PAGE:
President Joe Biden announced his highly anticipated executive order to supposedly secure the border on Tuesday. With it, the president attempted to do the impossible: avoid impeding the mass illegal migration for which his policies are directly responsible while convincing Americans he is “doing something”—at last—to secure the border.

This “unserious” proclamation-plus-rule combo platter (a Presidential Proclamation on Securing the Border and the Joint DHS-DOJ Interim Final Rule to Restrict Asylum During High Encounters at the Southern Border) will do the first but not the second.

It’s hard to imagine there is an American out there who can be persuaded that Biden has gotten religion on enforcing U.S. immigration law, three and a half years and about 10 million illegal immigrants too late. The White House fact sheet announcing the proclamation and rule proclaims that “President Biden believes we must secure our border,” but if so, this belief was not manifested by a single action in his entire term.

As usual, Biden blames “global conditions,” “Congress’ failure,” and a “broken immigration system” for the massive flood of illegal aliens drawn by his catch-and-release and work authorization policies. The fact sheet claims Republicans put “partisan politics ahead of national security” by voting against the “toughest and fairest set of reforms in decades.” That’s a reference to a Senate border bill that was rejected soundly in February and again in May.

“Tough” it was not. Among its many flaws, that bill would have locked into law most of Biden’s unprecedented arrogations of authority to release and parole millions of inadmissible aliens into the U.S. and invent ways to let them stay indefinitely.

So how will the proclamation/rule work?

Having claimed for years that he didn’t have the authority to secure the border, Biden is now using Immigration and Nationality Act sections 212(f) and 215(a) to suspend the entry of illegal entrants—but only temporarily “when the Southern border is overwhelmed,” and not permanently. The suspension “will be discontinued when the number of migrants who cross the border between ports of entry is low enough for America’s system to safely and effectively manage border operations.”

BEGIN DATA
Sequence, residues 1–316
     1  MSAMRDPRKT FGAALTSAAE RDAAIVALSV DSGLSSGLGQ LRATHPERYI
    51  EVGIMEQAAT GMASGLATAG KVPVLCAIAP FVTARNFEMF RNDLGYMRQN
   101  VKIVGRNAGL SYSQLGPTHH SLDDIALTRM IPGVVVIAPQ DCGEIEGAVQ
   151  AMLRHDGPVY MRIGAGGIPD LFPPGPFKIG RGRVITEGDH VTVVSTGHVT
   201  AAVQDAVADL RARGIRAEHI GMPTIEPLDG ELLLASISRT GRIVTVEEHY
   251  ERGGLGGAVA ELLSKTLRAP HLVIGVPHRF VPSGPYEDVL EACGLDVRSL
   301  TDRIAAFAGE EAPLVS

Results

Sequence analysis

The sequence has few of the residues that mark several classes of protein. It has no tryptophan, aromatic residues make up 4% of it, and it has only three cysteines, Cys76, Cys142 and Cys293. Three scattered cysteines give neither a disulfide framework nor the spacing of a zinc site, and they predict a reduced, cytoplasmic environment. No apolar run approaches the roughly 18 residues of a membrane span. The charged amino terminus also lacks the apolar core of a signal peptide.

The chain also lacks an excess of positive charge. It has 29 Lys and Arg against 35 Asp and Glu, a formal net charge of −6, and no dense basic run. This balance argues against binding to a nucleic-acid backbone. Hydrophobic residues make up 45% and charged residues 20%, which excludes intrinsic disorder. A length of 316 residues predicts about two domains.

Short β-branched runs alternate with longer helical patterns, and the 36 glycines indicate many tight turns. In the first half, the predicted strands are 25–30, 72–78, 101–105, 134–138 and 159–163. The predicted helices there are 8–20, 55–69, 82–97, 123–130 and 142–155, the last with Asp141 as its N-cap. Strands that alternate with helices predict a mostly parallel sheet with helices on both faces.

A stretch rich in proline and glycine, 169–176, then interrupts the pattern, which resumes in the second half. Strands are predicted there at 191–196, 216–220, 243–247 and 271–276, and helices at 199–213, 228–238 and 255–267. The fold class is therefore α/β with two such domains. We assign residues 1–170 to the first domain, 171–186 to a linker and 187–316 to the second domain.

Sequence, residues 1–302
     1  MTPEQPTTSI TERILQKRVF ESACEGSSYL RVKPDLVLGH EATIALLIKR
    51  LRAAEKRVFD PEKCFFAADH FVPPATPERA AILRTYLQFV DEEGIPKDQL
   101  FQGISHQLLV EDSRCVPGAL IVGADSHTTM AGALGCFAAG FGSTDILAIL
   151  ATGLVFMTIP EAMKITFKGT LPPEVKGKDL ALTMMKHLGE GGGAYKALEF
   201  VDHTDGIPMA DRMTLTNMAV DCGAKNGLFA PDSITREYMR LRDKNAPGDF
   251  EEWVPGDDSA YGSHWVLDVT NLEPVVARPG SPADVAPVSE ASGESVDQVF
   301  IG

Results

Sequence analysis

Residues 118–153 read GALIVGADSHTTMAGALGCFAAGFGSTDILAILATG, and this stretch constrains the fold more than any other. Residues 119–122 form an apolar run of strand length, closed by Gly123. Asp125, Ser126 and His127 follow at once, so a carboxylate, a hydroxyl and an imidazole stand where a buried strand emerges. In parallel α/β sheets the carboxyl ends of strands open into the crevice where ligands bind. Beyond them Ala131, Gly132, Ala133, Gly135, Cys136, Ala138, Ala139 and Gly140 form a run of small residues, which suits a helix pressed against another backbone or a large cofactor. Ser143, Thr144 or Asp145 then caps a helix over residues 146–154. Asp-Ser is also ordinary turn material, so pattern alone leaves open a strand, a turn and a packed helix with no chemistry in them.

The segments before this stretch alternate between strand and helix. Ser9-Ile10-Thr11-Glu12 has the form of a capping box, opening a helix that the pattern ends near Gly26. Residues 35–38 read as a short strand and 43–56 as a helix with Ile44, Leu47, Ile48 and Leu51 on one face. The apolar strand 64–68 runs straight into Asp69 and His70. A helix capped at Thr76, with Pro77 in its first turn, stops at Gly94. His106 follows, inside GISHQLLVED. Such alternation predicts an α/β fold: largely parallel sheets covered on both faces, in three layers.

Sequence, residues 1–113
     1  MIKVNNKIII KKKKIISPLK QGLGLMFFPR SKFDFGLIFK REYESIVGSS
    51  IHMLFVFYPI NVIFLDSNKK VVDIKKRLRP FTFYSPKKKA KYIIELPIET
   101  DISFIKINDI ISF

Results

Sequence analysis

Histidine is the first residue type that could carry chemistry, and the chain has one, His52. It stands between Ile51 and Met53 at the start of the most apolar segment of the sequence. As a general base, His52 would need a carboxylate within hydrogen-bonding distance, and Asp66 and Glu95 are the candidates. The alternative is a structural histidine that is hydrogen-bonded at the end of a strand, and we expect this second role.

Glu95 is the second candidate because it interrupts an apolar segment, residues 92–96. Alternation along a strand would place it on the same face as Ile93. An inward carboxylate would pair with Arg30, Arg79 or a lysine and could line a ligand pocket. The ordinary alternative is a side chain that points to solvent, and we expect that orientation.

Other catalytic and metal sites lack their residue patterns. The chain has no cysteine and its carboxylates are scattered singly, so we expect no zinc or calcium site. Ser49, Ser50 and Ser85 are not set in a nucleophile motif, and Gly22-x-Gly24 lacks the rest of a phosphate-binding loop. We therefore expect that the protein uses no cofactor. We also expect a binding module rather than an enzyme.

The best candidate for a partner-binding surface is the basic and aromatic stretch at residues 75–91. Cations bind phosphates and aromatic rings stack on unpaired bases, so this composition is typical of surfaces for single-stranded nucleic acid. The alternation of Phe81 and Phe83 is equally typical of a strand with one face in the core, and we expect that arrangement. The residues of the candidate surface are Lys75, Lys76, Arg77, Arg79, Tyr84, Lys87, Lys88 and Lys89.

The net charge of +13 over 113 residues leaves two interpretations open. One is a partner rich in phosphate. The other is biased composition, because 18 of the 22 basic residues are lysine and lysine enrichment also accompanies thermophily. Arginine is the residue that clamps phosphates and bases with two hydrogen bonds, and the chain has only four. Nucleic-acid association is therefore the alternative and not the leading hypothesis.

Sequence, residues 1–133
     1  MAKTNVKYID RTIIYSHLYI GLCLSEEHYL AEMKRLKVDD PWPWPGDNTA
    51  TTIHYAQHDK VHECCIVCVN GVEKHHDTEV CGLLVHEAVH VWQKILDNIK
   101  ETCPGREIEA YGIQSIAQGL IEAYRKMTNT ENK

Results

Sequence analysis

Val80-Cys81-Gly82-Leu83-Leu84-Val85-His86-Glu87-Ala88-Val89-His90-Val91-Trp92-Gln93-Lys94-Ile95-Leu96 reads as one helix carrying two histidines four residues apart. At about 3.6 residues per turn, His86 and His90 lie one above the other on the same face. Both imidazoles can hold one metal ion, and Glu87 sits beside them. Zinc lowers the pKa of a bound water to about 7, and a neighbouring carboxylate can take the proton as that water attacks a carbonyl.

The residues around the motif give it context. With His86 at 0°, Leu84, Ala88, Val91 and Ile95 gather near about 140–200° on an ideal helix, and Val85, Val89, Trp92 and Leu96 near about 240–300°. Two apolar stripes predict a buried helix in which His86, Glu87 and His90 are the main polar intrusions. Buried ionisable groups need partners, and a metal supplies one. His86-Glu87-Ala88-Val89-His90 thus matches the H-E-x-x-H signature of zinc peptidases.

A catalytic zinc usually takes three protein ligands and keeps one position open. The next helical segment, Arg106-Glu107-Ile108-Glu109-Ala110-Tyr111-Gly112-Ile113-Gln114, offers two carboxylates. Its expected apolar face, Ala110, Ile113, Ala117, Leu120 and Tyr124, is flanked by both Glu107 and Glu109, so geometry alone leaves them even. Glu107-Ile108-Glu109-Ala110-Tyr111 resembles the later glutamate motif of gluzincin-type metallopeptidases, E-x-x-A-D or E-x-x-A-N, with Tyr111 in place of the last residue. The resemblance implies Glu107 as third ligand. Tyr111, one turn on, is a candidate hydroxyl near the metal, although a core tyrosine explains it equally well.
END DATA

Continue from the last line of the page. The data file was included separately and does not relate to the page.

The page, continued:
Who gets to decide when we are “overwhelmed” or when the numbers of those illegally crossing into the United States are “low enough?” For that, America will have to rely on Homeland Security Secretary Alejandro Mayorkas, the impeached open-borders fox currently guarding the border henhouse. His credibility is zero.

Mayorkas also gets the right to exempt anyone he wants from the new proclamation “based on the totality of the circumstances,” including “urgent humanitarian” and “public health interests,” or “operational considerations.” In Mayorkas’ hands, these are loopholes big enough to bring in an army.

Further undermining the new policies are the “humanitarian exceptions” for unaccompanied children and “victims of trafficking.” Open-borders advocates and an army of lawyers and activists will argue that everyone showing up at the border is a victim of some kind. And given that the Department of Homeland Security doesn’t verify family relationships or ages, cartels and adult illegal migrants will still be able to continue exploiting children to facilitate their entry and release into the United States.

A DHS fact sheet announcing the interim final rule said it “will better enable the department to quickly remove individuals without a legal basis to remain in the United States.” Yet DHS has made little effort to remove those kinds of individuals in the past three and a half years, including many who commit crimes while supposedly seeking asylum. And as with the proclamation, these restrictions “will be discontinued when encounters fall below certain levels”—again, at the discretion of Mayorkas.

The rule says that illegal arrivals will still be allowed a “credible fear screening with an asylum officer if they manifest or express a fear of return to their country or country of removal, a fear of persecution or torture, or an intention to apply for asylum.” This will exclude hardly anyone. That’s because at this point, there aren’t many illegal aliens coming to the border who are not well-schooled by their smugglers, relatives, or social media influencers to express all of the above, whether true or not.

The DHS rule will go into effect “until 14 calendar days after there has been a 7-consecutive-calendar-day average of less than 1,500 encounters between the ports of entry” and kick in again when “there has been a 7-consecutive-calendar-day average of 2,500 encounters or more.” But as “secretary-approved” processes like the president’s bogus parole programs using the phone app CBP One at ports of entry are also excepted, Mayorkas can ramp these up like gangbusters to avoid triggering the caps.

Aliens are also excepted if “exceptionally compelling circumstances” exist, like an “acute medical emergency” or “an imminent and extreme threat to life or safety.” Anyone who can’t lie well enough to meet that bar just isn’t trying.

Even before the proclamation/rule combination was announced, House Speaker Mike Johnson, R-La., called it “too little too late now,” and Sen. Tom Cotton, R-Ark., called it an “election-year stunt that won’t distract voters from Joe Biden’s disastrous, failed immigration policies.”

After his White House announcement, Biden walked woodenly off the podium, looking and sounding tired. You can’t blame him. He knows this border security Hail Mary is full of something—but it’s not grace.